The private funds industry is at risk of potentially devastating cyber breaches. Despite being fiduciaries responsible for investing vast amounts of assets, many advisers have only recently developed cybersecurity training, procedures and protocols, and in some cases their defenses remain quite rudimentary, leaving them vulnerable to deceptive practices. In a recent risk alert, the SEC praised recent progress made by firms in the asset management space while identifying a number of critical areas where preparedness still falls short. In particular, the alert cited 12 robust practices that advisers should consider for adoption at their own firms. The presence of persistent gaps in preparedness, and the SEC’s principles-based approach to regulating cybersecurity, make it all the more imperative for advisers to increase their investments in and oversight of internal cybersecurity procedures and preparedness. Doing so will enable advisers to meet their compliance obligations and to shield investors from catastrophic losses of money and personally identifiable information. To help readers understand these issues, this article presents the key points from the risk alert, together with insights from legal practitioners with cybersecurity expertise. For more on the SEC’s approach to cybersecurity, see “OCIE 2017 Examination Priorities Illustrate Continued Focus on Conflicts of Interest; Branch Offices; Advisers Employing Bad Actors; Oversight of FINRA; Use of Data Analytics; and Cybersecurity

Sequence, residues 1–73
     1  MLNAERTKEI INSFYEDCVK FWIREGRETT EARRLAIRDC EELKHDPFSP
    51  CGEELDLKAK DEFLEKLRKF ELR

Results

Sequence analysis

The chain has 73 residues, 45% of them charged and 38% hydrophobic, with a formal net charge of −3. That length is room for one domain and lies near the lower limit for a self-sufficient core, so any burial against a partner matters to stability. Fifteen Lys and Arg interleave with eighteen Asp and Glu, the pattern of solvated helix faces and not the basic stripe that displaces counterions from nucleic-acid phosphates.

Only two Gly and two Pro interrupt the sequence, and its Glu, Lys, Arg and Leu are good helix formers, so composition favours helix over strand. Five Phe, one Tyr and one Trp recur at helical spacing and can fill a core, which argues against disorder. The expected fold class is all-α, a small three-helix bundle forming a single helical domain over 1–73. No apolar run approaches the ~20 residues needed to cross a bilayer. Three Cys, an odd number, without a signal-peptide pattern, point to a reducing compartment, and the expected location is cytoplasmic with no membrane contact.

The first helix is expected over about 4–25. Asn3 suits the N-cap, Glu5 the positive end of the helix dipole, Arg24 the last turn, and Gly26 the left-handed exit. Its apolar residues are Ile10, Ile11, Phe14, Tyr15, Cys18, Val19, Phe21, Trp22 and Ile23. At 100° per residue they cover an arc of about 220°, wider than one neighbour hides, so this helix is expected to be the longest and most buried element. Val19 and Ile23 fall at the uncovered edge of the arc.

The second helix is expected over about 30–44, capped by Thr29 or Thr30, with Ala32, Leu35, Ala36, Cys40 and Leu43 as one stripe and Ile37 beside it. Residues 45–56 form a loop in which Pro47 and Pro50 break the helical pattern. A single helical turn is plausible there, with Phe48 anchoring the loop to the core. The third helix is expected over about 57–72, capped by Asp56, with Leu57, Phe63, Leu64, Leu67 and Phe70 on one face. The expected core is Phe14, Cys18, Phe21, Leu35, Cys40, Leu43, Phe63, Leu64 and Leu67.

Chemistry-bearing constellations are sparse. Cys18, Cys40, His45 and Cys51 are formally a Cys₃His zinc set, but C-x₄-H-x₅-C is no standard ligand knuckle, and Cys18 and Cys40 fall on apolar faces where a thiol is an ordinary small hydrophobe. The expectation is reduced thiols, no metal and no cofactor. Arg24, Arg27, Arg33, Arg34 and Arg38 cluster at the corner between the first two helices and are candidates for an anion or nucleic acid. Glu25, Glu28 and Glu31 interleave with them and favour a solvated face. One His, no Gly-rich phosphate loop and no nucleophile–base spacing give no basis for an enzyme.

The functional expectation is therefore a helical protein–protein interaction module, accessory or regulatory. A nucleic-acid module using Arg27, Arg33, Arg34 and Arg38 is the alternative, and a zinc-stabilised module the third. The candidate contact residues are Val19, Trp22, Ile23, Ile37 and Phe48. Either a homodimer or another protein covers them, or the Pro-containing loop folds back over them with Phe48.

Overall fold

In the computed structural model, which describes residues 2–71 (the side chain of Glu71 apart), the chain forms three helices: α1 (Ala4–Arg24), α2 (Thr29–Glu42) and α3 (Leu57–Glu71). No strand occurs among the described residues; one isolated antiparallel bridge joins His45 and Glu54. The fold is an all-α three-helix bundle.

” (Jan. 26, 2017). For more on cybersecurity generally, see “Surveys Show Cyber Risk Remains High for Investment Advisers and Other Financial Services Firms Despite Preventative Measures
” (Jul. 20, 2017); and “Navigating the Intersection of ERISA Fiduciary Duties and Cybersecurity Data Breach Protections
” (Jun. 29, 2017).